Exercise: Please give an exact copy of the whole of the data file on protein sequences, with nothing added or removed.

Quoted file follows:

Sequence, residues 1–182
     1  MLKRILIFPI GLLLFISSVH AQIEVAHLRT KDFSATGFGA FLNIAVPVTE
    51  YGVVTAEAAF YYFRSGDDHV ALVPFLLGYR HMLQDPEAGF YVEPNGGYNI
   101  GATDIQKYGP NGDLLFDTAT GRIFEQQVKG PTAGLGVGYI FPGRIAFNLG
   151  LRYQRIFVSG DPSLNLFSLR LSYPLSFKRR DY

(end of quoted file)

Sequence, residues 1–182
     1  MLKRILIFPI GLLLFISSVH AQIEVAHLRT KDFSATGFGA FLNIAVPVTE
    51  YGVVTAEAAF YYFRSGDDHV ALVPFLLGYR HMLQDPEAGF YVEPNGGYNI
   101  GATDIQKYGP NGDLLFDTAT GRIFEQQVKG PTAGLGVGYI FPGRIAFNLG
   151  LRYQRIFVSG DPSLNLFSLR LSYPLSFKRR DY